Mammography More Likely to Lead to Excessive Treatment Than to Save Lives, Study Suggests

Mammography More Likely to Lead to Excessive Treatment Than to Save Lives, Study Suggests
Mammography screenings may be a less valuable breast cancer-detecting tool than thought. A recent study showed that breast cancer screenings are as likely — if not more so — to detect small tumors that will not grow as they are to identify at an early stage potentially dangerous ones. The study, “Breast-Cancer Tumor Size, Overdiagnosis, and Mammography Screening Effectiveness,” which appeared in the New England Journal of Medicine, also concluded that the improved survival of breast cancer patients is a result of better treatments, rather than earlier detection of deadly cancers. There is no doubt that mammography does detect potentially deadly cancers. The problem is that screening procedures also detect small tumors that are not destined to grow or spread. And, complicating matters, there is currently no effective way to tell if a tumor will go haywire, or if it will remain small and harmless. This uncertainty leads to a situation where women get treatment “just in case.” The lead researcher of the study, Dr. H. Gilbert Welch at Geisel School of Medicine at Dartmouth College, refers to mammography as “a value judgment." "This is a choice and it's really important that women understand both sides of the story, the benefits and harms," he said in a press release. The harm, in this case, most often comes in the form of unnecessary cancer treatment, and the risk of a host of severe side effects. Welch has long questioned the benefits of mammography screening, and has published other studies supporti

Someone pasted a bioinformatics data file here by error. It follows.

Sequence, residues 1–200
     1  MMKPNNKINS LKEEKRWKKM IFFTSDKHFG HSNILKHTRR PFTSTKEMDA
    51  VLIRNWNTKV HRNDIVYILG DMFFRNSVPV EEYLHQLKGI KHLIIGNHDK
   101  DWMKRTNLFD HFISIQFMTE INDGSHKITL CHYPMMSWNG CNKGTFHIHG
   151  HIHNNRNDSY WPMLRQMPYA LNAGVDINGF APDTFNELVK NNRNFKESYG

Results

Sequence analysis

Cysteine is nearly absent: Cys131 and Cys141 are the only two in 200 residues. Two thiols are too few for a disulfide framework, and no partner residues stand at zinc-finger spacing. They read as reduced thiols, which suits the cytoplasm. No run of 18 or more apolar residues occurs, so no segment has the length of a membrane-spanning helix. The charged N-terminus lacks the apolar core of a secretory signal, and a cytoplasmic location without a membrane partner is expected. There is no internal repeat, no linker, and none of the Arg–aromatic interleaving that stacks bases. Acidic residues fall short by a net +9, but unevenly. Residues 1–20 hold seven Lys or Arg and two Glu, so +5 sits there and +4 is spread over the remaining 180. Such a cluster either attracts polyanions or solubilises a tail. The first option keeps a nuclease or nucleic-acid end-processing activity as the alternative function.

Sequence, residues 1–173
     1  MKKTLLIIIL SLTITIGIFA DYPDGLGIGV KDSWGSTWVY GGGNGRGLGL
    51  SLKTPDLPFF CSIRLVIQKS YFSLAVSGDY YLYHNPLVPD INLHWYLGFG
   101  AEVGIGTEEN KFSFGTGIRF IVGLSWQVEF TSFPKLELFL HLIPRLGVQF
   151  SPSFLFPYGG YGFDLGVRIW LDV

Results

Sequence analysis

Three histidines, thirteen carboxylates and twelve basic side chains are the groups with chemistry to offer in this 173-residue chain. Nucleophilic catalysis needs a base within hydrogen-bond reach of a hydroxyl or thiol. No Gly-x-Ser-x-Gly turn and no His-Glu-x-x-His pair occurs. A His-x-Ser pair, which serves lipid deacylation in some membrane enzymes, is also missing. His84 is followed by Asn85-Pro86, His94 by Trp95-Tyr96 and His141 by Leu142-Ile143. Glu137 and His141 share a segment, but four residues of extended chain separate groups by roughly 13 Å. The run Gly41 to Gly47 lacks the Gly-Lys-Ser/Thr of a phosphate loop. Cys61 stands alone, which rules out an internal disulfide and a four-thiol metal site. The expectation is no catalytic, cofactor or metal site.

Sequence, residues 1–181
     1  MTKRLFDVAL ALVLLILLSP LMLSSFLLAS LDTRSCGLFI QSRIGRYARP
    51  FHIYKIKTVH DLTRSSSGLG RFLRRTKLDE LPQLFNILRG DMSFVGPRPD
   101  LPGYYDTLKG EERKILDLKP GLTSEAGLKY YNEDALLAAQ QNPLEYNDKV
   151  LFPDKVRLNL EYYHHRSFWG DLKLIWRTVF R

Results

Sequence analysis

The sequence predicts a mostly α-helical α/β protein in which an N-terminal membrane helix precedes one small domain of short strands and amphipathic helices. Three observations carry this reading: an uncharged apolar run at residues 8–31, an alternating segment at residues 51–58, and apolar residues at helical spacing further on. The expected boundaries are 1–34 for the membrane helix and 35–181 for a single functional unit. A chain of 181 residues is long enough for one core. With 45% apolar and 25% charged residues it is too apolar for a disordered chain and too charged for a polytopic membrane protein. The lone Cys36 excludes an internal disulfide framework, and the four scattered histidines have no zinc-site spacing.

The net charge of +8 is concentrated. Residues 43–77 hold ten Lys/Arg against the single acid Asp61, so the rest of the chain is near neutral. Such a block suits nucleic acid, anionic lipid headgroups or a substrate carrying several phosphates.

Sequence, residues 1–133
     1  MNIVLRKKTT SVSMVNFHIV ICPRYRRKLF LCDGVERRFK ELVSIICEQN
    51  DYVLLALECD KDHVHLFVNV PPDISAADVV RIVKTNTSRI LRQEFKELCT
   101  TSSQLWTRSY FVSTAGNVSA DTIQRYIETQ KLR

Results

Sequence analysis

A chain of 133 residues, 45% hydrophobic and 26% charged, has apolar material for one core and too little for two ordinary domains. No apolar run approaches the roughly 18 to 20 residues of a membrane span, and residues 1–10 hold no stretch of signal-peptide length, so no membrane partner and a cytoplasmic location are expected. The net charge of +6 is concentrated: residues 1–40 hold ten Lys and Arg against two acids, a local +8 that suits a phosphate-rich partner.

Subscribe or to access all post and page content.